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  • Writer's pictureLisa

Still Dyeing

A Pile of Dyed Silk Cowls
A Pile of Dyed Silk Cowls

Have you heard of garment dyeing? It's exactly that. A garment, say a shirt, is dyed after it is made. It's a fairly common industry practice, but not so much among artists.

Scarf Blanks Ready for Dyeing
Scarf Blanks Ready for Dyeing

In the early 2000's at a wholesale show, I met an artist who's whole collection was garment dyed. I loved it! She was so generous to share some of her techniques. I won't get “into the weeds” about the process, but garment dyeing is a very economical way to go. There is very little fabric waste, because you are not painting and dyeing yardage that is then cut out. You always have white “blank” garments and scarves that are ready to dye whatever color-way you need.

My scarves are still made this way today. They are all dyed individually so are all a little different, but in one session I may dye 10 scarves the same color-way.

Quilted Jacket Circa 2006
Quilted Jacket, circa 2006

I didn't completely stop painting yardage. Certain designs need to be painted that way. For a while, I quilted some of my fabric, and turned it into jackets. The painting was abstract with simple geometric quilting. These were popular for a few years. Then the recession hit. By 2008 few of my customers wanted a $500 jacket.

Other things happened. I developed chronic tendinitis in both wrists and elbows. It was painful and took ages to correct. Do anything for hours on end, day after day, and it will come back to bite ya. It was all that quilting and painting with little brushes and resist. The hand therapist asked if I stretched out my arms before and after working. What a silly idea! Who does that? Well, I do now. The days of quilting and painting little pictures were gone. No time to cry and complain about what I couldn't do. I moved on.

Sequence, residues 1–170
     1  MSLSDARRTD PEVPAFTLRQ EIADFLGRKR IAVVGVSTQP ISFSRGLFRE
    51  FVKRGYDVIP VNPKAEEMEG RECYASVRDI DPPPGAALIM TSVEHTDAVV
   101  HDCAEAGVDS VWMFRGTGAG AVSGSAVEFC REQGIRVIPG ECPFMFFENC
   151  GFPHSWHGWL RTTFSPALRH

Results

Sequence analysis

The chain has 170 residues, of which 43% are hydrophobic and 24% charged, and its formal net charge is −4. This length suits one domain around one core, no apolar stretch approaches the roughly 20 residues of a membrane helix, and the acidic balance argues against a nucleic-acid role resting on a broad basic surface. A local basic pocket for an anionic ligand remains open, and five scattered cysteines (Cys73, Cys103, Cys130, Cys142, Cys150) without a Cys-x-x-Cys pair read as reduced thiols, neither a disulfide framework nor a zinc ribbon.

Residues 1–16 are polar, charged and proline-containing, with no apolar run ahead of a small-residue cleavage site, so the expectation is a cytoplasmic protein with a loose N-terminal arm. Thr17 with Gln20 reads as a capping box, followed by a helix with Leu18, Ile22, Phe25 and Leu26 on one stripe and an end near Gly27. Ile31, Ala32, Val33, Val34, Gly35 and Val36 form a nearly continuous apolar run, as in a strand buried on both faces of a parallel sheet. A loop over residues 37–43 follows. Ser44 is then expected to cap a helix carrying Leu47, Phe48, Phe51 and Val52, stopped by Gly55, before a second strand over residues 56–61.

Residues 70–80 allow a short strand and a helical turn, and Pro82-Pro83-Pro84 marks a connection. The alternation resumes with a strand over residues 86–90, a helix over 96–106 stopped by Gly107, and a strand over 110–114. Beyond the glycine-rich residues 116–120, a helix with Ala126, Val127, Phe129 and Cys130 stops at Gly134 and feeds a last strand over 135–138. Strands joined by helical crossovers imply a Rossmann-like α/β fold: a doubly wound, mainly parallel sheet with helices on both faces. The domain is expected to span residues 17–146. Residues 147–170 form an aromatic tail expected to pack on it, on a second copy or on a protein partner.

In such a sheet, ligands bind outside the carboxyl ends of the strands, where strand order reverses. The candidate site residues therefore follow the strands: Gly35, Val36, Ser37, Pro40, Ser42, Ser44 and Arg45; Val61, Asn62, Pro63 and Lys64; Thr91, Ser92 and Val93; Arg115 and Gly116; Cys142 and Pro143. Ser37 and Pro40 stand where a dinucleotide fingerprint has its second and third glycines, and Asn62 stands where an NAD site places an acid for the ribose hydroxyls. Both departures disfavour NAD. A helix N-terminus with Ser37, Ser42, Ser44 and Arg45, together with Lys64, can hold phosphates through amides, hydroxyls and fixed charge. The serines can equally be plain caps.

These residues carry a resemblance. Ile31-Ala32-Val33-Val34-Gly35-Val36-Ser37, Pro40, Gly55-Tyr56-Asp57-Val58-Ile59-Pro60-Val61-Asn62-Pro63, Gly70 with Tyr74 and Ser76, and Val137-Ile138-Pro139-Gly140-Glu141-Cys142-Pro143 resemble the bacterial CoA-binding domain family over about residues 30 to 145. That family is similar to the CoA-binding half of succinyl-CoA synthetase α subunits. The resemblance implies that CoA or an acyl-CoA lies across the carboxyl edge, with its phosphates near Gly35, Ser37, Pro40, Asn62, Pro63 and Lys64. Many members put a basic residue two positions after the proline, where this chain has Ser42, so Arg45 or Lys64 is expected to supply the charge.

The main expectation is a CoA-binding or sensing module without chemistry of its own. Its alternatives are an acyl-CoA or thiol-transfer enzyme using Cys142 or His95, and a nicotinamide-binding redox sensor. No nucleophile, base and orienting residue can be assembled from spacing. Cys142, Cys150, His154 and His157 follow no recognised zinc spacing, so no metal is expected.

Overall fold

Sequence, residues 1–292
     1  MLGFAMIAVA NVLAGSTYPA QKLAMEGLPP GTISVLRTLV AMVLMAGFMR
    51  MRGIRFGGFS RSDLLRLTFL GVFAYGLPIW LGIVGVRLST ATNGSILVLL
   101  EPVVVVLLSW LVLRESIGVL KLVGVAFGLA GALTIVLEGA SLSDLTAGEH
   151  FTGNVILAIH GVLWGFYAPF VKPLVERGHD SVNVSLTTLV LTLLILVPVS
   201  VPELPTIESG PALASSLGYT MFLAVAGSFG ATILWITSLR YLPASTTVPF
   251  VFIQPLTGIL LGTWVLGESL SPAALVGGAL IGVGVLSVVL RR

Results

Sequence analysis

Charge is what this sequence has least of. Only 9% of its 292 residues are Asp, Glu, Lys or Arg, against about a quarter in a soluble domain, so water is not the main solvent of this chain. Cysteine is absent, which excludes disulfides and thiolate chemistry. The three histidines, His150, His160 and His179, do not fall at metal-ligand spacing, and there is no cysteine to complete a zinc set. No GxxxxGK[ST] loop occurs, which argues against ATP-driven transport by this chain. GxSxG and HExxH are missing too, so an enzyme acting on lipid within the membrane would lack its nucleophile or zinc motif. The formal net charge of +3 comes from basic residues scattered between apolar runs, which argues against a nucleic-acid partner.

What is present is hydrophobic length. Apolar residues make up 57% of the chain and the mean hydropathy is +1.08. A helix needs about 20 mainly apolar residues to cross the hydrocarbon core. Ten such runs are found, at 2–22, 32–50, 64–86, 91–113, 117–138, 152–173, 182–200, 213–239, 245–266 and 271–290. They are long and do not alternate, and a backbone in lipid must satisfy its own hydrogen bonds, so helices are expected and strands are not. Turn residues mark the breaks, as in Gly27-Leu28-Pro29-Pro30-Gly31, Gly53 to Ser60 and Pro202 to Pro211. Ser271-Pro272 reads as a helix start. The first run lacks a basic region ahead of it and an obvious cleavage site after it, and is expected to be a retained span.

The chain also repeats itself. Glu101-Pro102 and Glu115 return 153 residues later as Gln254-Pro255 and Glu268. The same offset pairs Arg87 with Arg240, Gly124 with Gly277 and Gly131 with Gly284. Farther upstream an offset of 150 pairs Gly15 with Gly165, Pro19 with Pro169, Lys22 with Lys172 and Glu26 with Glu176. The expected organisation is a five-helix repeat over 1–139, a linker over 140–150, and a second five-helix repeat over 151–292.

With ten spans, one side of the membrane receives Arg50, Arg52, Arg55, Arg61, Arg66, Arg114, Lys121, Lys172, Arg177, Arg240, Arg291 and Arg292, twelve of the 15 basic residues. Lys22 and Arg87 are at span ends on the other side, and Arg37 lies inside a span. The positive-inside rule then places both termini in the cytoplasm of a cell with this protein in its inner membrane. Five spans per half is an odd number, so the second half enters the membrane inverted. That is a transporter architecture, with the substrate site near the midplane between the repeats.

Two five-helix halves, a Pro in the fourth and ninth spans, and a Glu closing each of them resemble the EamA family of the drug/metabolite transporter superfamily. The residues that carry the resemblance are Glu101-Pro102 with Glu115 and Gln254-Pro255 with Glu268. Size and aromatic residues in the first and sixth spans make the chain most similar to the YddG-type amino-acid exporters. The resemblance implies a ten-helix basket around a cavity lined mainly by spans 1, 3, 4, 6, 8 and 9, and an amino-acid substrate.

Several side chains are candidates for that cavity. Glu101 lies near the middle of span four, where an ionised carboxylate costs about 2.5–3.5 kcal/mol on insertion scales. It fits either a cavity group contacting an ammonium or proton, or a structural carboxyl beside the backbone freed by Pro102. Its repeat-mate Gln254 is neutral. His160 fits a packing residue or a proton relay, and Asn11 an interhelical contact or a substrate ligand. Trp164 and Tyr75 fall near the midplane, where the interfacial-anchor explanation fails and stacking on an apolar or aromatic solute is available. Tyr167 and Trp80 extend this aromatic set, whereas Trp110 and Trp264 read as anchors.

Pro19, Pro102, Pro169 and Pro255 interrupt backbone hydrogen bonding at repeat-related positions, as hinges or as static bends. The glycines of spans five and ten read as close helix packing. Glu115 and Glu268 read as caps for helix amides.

Ombre/Shibori Dyed Polaire Top Circa 2016
Ombre/Shibori Dyed Polaire Top, circa 2016

Have you heard of shibori? It's a Japanese bound resist dyeing technique that has been practiced for thousands of years. Many cultures have their own resist dyeing processes that run the gambit from fairly simple to extremely difficult. Most people call it all “tie-dye”. That term was created in the 1960's by an American dye company trying to boost sales. Anyway, I experimented with some simple shibori techniques, and eventually came up with a couple of acceptable methods based on arashi shibori. I am by no means a shibori artist, but figured out a system that worked for me.

Shibori Dyed Fleece Cowls Circa 2020
Shibori Dyed Fleece Cowls, circa 2020

For a short time I did some vat dyeing. You know this one. It's the boiling dye in the big pot on the stove. You throw the clothes in and stir. There's more to it than that, but you get the picture. Depending on what I did, I could get a mottled effect or a solid color. But it used so much water in the dyeing process, and cleaning up after. Those pots are also heavy. I stopped that after a couple of years.

Vat Dyed Swing Coat Circa 2016
Vat Dyed Swing Coat, circa 2015

Today, I still paint some yardage, but almost all the rest of the scarves are dyed in a dishpan in my studio sink with little puddles of dye that are “positioned” on the fabric depending on the method. With patch-dyeing colors are randomly placed. Ombre-dyeing is a gradation of colors that blend together, from light to dark, or one color to another. Each color has a measured formula so it's the same each time I mix it up. There are different dyes depending on the fiber, and the process. Dye companies seem to constantly change and/or discontinue colors. There's always something new to figure out.

Patch Dyed Silk Vest and Tunic Circa 2017
Patch Dyed Silk Vest and Tunic, circa 2017

Ombre Dyed Silk/Rayon Cowl
Ombre Dyed Silk/Rayon Cowl, circa 2020

I've knitted and crocheted forever. I bought other designers hand-painted and dyed yarns, but never considered doing it myself. Then in 2016 as I was trying to find a path away from clothing, it hit me like a lightning bolt...yarn! It had to be easier and cheaper than making and dyeing clothing. And who doesn't love yarn, I do! Well, it is a completely different process than dyeing clothes and scarves. More to learn. But that's always a good thing.

My yarn comes from wholesalers, just like my fabric. I wind it into smaller skeins before painting. I paint the skeins flat on a table with a foam brush. “Fixing” the dye, making it colorfast is different depending on the fibers. I'm quite a yarn snob, and only work with luxury and novelty yarns that are made from natural fibers.

Hand Painted Yarn Skeins
Hand Painted Yarn Skeins, circa 2021

I've sold the yarn for a few years at craft shows, and was all set to do my first fiber shows last spring. Of course Covid stopped that. But the future looks bright for shows, and you can always find my yarn on this website.

If we're lucky and careful we can all get together soon at a show. I can't wait to see you in person, and show you what's new. You can also show me what you've been working on.

Happy May,


May 1, 2020

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